Reflecting on World War I and the rise of fascism, this debut novel set in Italy envisions spirituality as a way of rising above the vicissitudes of history.
Emmy Award–winning sportscaster Physioc cites as his inspirations A Course in Miracles and a trip to the walled city of Lucca in 2005. His hero is Isabella Roselli, a convent-raised orphan who loves vegetable gardening and sells her produce at nearby markets. The summer of 1914 sees brothers Benny and Franco Carollo arguing about joining the war effort. Franco leaves Puglia for Rome to work in a munitions factory and witnesses a speech by Benito Mussolini, who at that time was a socialist wanting to stay out of the European fight. Although Franco is of the same mind, he still ends up by his brother’s side at the Isonzo Front after Italy declares war in 1915. Vivid scenes set in the trenches alternate with glimpses of Isabella’s life as a helper to Susanna Martellino, the wife of a local winemaker. When Franco returns from war, he starts working for Susanna’s husband, Giovanni, and swiftly becomes the vineyard manager, saving the vines from flooding with his quick thinking. He and Isabella marry in 1920 and start a family, but the rise of fascism—as embodied in Alfredo Obizzi, Susanna’s villainous lover—threatens the vineyard’s success and their future happiness. Lively dialogue and an authentic atmosphere keep the rapid sequence of historical events from becoming too overwhelming. Luckily, Physioc never grows heavy-handed in his presentation of the rift between fascism and socialism, and the metaphor of the city walls is convincingly applied to both ideological and class barriers. The story feels meaningful for our time of suspicion and division: “It was a time in Italy during which an accusation held almost as much power as the truth.” Isabella’s dogma-free spirituality—she values only love and forgiveness and believes in the divine spark in every person—is appealing and adds an extra dimension beyond the historical. A sequel (in progress) will pick up the story eight years later, in 1938.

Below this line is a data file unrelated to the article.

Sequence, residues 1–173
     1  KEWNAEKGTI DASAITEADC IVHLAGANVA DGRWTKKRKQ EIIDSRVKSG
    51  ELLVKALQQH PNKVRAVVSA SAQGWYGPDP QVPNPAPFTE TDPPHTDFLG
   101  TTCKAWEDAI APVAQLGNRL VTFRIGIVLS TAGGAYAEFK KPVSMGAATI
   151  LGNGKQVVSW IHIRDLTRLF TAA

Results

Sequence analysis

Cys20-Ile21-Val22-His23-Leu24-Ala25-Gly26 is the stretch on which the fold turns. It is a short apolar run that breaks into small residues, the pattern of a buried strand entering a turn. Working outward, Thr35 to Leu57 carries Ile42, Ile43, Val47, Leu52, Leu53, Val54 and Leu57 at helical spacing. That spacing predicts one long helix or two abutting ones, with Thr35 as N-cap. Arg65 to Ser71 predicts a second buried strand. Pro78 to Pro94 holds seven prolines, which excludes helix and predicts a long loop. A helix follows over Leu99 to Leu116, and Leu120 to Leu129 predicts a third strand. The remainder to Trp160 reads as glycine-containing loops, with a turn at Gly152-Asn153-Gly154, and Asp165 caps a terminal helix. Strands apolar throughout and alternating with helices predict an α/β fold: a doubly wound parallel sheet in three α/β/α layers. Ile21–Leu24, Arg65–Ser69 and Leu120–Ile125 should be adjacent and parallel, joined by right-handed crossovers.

An absorbing, well-researched saga.